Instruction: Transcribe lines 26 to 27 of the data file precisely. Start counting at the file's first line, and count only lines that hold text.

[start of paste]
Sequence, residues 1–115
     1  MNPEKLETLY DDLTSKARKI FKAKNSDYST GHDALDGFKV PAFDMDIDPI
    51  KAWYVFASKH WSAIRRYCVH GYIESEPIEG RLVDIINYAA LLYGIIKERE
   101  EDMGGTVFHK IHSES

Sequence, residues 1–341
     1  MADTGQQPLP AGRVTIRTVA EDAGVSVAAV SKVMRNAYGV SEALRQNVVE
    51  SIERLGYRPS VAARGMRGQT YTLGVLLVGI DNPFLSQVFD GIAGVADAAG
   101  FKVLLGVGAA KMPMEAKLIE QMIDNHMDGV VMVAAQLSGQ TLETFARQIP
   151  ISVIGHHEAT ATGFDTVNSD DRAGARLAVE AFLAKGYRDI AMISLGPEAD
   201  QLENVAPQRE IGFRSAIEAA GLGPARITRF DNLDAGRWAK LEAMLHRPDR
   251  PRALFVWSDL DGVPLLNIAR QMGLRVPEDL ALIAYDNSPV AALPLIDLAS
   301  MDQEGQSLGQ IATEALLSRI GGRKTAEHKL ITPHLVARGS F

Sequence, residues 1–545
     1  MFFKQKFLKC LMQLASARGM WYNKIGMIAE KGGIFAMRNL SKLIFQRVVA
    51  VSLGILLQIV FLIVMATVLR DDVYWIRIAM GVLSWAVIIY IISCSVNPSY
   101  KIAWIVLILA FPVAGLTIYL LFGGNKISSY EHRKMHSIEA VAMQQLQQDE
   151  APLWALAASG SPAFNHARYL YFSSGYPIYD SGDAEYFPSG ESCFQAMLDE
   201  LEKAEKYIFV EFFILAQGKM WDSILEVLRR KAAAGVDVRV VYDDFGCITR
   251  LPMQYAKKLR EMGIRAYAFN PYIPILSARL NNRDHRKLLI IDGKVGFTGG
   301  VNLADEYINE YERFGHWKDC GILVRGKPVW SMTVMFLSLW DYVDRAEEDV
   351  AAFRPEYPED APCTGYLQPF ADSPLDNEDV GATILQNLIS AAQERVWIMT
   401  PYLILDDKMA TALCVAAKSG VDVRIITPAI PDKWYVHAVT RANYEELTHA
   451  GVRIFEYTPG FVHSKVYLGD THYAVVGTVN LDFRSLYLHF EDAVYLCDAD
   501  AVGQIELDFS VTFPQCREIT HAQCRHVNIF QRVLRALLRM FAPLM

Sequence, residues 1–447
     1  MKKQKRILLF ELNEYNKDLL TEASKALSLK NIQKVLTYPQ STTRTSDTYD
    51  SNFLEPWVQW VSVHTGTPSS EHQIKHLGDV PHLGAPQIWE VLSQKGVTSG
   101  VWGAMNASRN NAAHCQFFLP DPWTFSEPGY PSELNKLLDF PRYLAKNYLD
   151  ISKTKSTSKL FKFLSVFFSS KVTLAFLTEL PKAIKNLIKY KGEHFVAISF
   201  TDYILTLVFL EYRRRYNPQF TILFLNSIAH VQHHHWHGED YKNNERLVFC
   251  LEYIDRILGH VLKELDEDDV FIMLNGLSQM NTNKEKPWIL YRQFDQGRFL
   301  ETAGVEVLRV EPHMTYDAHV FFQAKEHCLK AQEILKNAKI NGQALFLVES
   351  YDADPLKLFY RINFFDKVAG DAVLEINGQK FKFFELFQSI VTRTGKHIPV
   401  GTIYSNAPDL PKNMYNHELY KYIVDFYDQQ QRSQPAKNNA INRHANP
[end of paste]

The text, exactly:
     1  MKKQKRILLF ELNEYNKDLL TEASKALSLK NIQKVLTYPQ STTRTSDTYD
    51  SNFLEPWVQW VSVHTGTPSS EHQIKHLGDV PHLGAPQIWE VLSQKGVTSG